Office Hours with… Mengfei Liu

Yale physician scientist Mengfei Liu discusses liver disease research, what she’s looking forward to in her second year at Yale, and her favorite soccer player.
Mengfei Liu

Mengfei Liu

When she began the search for her first faculty job, Dr. Mengfei Liu, an assistant professor of medicine at Yale School of Medicine, looked for strong mentorship and institutional support for early-career researchers like herself. She found those at Yale.

That New Haven came with milder winters than those she was used to in Minnesota was just a bonus.

As a physician scientist, Liu treats patients and studies alcohol-associated liver disease, conditions that currently lack effective treatments. In her spare time, you can find her cheering on the professional soccer team Inter Miami or trying to resist the temptation of New Haven pizza.

We caught up with Liu for our latest edition of Office Hours, a series that introduces newcomers to the broader Yale community.

Title Assistant Professor of Medicine (Digestive Diseases)
Research interest Alcohol-associated liver disease
Prior institution Mayo Clinic
Started at Yale March 2023

How would you describe your research interests?

Mengfei Liu: I study alcohol-associated liver disease. Alcohol use disorder is very prevalent in the U.S. — alcohol is the leading cause of liver disease in the country — and has become a bigger problem in the age of the pandemic.

I’m particularly interested in a severe form of liver inflammation called alcohol-associated hepatitis. When it’s severe, patients have a high mortality rate, up to 30% within the first three months. These patients are typically young and previously healthy. And oftentimes there’s no effective treatment other than liver transplantation, and many patients won’t qualify for that. So we really urgently need effective treatment for this disease.

What brought you to Yale?

Liu: When I finished my training in 2022, I knew that I wanted to be a physician scientist, to have my own lab and run independent research. So I applied for and received a National Institutes of Health career development grant and looked for a place with a great environment for young faculty like myself. I particularly wanted good mentorship in the area of liver disease and strong institutional support, and our division here at Yale is really great at supporting young investigators to develop a career in basic science research.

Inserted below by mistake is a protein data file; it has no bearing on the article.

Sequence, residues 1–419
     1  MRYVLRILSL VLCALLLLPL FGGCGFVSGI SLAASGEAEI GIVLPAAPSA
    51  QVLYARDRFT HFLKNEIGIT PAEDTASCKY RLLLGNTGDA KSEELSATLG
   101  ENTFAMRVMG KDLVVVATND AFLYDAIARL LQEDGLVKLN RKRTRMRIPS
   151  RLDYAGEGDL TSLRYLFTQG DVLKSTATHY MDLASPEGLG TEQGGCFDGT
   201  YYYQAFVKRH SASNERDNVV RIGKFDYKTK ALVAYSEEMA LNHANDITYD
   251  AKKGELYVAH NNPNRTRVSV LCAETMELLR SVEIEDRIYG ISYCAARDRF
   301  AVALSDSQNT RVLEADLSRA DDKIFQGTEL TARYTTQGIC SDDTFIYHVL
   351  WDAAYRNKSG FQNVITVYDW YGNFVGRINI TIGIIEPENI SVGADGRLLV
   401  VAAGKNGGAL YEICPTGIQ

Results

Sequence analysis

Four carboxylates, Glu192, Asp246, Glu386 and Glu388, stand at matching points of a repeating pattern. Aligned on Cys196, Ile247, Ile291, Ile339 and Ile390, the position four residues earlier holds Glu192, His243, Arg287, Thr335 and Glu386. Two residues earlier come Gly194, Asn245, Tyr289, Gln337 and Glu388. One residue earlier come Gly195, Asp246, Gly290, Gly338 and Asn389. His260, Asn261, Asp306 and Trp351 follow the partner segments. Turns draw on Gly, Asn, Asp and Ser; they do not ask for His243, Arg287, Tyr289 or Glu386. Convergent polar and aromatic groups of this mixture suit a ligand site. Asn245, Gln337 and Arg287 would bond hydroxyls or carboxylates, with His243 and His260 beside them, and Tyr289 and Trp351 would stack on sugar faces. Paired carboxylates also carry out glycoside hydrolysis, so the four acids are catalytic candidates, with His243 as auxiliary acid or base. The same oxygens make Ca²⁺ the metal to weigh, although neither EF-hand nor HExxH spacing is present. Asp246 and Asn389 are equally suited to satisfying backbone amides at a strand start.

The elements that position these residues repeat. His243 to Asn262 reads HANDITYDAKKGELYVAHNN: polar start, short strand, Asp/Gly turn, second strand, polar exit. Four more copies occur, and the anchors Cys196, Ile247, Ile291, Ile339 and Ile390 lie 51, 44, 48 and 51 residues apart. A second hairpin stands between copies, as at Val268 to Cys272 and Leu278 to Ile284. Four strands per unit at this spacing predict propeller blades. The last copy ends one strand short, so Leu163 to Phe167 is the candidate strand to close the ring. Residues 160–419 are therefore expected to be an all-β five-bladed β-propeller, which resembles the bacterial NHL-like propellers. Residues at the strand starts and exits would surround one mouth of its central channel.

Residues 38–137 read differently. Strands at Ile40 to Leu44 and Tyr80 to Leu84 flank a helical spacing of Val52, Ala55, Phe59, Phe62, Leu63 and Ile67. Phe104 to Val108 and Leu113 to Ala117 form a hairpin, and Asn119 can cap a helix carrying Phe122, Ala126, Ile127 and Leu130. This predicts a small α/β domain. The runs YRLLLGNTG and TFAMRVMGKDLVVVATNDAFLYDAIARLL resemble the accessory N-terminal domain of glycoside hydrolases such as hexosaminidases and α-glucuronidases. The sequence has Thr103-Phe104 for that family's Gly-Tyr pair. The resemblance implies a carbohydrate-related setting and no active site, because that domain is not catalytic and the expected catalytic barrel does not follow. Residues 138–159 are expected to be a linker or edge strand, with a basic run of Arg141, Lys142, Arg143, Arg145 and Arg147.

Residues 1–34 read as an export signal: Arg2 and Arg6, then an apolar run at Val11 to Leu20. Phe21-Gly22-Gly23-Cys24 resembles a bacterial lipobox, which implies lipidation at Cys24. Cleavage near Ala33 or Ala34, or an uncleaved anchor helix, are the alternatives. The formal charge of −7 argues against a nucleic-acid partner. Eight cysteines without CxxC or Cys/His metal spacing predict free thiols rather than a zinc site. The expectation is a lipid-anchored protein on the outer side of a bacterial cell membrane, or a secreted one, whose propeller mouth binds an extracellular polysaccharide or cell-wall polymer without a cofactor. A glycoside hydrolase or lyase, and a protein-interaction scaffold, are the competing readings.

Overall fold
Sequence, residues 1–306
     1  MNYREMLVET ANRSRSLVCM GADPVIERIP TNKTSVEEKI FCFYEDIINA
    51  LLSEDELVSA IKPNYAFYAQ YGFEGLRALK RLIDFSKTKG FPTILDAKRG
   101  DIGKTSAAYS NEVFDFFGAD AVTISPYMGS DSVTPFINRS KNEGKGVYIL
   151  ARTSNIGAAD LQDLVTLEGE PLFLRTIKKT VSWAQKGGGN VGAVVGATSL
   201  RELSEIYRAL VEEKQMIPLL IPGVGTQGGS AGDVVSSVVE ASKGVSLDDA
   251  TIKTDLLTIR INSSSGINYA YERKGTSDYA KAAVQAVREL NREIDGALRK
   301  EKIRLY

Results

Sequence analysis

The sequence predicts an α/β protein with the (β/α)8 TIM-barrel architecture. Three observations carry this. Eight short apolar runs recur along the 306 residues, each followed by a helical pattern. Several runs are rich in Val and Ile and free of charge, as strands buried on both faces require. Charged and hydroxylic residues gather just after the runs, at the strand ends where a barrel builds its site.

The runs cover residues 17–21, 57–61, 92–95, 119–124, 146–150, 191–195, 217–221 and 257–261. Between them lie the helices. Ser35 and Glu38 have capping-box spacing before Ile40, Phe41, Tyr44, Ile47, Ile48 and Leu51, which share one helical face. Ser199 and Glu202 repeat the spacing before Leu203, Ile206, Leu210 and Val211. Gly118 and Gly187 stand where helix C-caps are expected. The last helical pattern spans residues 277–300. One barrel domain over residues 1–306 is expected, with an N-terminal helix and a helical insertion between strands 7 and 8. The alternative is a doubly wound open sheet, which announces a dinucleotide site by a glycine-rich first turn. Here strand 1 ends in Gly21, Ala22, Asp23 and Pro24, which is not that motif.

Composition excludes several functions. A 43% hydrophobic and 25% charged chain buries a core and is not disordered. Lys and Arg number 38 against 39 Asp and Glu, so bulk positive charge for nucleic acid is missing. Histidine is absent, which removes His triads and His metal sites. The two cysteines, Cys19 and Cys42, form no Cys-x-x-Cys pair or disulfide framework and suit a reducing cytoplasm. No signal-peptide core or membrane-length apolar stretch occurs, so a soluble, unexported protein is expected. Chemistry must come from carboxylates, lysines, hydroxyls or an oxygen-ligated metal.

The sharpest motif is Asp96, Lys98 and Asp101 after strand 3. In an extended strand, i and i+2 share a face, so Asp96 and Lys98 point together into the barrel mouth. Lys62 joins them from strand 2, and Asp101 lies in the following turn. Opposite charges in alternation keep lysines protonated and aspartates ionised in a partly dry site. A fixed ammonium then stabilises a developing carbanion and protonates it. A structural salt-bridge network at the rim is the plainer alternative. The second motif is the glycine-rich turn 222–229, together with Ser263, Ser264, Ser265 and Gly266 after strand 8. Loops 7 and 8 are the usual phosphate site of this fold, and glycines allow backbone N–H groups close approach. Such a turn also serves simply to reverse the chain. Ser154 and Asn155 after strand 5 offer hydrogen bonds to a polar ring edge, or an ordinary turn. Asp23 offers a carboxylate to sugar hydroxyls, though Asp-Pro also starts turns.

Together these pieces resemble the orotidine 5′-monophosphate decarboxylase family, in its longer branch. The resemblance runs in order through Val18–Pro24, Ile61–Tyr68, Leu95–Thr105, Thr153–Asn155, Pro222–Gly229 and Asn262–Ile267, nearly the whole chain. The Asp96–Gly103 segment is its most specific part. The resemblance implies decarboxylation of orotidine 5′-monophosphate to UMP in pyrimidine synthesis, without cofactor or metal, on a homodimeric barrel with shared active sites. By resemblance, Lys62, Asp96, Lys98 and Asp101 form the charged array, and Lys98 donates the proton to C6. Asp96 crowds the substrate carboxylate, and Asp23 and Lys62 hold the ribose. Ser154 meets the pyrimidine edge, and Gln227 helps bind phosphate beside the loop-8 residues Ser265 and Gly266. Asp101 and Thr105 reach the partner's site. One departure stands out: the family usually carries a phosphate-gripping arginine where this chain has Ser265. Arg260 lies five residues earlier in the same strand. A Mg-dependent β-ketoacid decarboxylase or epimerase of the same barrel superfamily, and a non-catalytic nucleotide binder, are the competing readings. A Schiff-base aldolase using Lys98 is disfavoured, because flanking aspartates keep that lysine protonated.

I also wanted to explore this side of the country. I have been in Rochester, Minnesota for eight years and grew up in the region. And I wanted to live on the East Coast for a little bit.

What are you looking forward to in your second year?

Liu: I just recently filled a few positions in the lab, and we have a lot of projects we’re working on. I’m really excited to push our projects forward.

I also hope our work becomes more visible to people who might be interested in doing basic science research. Whether they’re med students, undergraduates, fellows, or residents, I hope they consider joining us.

More generally, I hope that other young physicians consider this physician scientist career path. The clinical side and research side are synergistic, and if people think they might be interested in research at all, they should give it a try and see if it’s for them.

Now that you’ve spent a year in this part of the country — what’s the verdict?

Liu: It’s been a very nice, welcoming place. We live in Wooster Square, and I like that it’s walkable to work. There’s a very good food scene in and around New Haven. It’s also nice to be somewhere with a mild winter.

Do you have a favorite restaurant?

Liu: We like Zeneli for pizza and I’ve lost count how many times we’ve been to Gioia since they opened. Being in Wooster Square makes ordering pizza very tempting. Every day you walk home and it’s on your mind. It takes a lot of power not to cave in!

What do you like to do for fun?

Liu: My husband and I enjoy board games, particularly escape room-type puzzles. We also like soccer, especially now that Lionel Messi is playing in the U.S. Once it gets warmer, we’ll make more trips to New York City; we like the Chinese and other ethnic food around the Flushing, Queens area.

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